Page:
Day no doubt after the game is saying “If you just take those five plays away…” That may give him some hope and confidence that things aren’t necessarily as desperate as they seem, but just taking five plays away is a lot like saying if you just take the gun out of John Wilkes Booth’s hand, the Lincoln Family wouldn’t have left such a poor review of Ford’s Theater on Yelp.
Defensive coordinator Jim Knowles was brought in to fix last year’s problems, and for the most part, he had. Saturday, however, was an exhibition in players and coaches not matching up well.
Knowles has said that his defensive scheme “bakes in” five big plays from the opponent, but you can’t bake in five 70-yard touchdowns. You don’t have enough oven. His aggression now has people wondering if he’s Ohio State’s Don Brown. That’s more than a bit premature, but if the mustache fits…
In reality, this label won’t be accurate until Knowles continues to do the same thing and expect different results next year and the year(s) after.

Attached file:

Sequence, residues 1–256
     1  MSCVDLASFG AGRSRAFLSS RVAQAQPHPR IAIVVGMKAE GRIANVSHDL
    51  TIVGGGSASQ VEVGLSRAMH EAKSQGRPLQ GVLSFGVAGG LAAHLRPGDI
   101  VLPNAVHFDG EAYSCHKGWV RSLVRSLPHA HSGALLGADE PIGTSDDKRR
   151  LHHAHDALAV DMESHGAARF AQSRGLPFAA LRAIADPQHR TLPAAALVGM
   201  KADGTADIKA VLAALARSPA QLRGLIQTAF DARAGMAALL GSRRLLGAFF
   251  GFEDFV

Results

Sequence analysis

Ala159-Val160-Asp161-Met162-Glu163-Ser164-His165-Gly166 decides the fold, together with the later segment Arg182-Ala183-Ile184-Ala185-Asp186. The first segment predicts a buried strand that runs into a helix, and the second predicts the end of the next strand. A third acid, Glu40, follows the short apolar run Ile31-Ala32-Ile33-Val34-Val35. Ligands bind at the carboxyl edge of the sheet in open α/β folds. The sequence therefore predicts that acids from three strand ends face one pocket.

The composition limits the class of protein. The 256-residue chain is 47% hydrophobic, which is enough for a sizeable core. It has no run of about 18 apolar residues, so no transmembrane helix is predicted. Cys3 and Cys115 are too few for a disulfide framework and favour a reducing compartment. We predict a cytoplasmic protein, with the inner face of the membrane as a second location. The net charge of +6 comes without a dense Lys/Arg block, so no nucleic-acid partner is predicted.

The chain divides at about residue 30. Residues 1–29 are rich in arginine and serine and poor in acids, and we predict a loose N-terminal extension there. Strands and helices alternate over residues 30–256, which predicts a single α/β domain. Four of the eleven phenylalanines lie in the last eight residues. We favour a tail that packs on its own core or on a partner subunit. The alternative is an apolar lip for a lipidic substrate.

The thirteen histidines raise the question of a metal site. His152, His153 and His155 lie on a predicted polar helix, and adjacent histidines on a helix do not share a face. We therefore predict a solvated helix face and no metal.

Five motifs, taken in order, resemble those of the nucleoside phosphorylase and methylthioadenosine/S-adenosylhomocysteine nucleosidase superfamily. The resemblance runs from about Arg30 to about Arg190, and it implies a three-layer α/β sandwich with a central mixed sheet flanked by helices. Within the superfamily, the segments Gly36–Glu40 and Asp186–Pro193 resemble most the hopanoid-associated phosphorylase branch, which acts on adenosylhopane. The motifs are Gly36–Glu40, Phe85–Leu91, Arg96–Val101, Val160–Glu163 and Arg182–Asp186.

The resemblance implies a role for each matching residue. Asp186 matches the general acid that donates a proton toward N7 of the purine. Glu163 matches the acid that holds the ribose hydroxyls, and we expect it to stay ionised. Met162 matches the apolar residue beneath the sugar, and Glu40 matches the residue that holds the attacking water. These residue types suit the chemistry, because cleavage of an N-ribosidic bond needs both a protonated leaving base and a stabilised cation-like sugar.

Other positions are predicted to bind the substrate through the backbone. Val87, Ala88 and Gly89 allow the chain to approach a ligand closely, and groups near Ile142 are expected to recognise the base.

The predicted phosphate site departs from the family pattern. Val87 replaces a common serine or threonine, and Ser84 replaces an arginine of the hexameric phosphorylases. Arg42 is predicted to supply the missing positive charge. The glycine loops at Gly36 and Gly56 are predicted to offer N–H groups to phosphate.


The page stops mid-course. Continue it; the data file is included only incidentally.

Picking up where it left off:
But Day also has plenty of self-inflicted wounds as well. The Buckeyes ran the ball 20 times for 125 yards in the first half, but then ran the ball just nine more times in the second half. That number would have been 10, but somebody failed to alert OSU’s backup long-snapper on what was supposed to be a fake punt that would have gone for significant yards. How that happens, I don’t know.
You can look at the stats and see Ohio State’s 492 yards of total offense and say that they did their job, but going 0-for-3 on touchdowns in their final three red zone attempts would argue otherwise.
So what does it all mean?
It means that Jim Harbaugh’s team came into Columbus with the kind of confidence that withstands adversity and lasts all four quarters — and whatever overtimes may arise. Ohio State, meanwhile, brought hope. But the other side of hope is doubt. You can’t have one without the other, and as the tide turns, what was once hope reveals itself as doubt.
If this was a potluck, the Buckeyes would have signed up for the paper plates and napkins.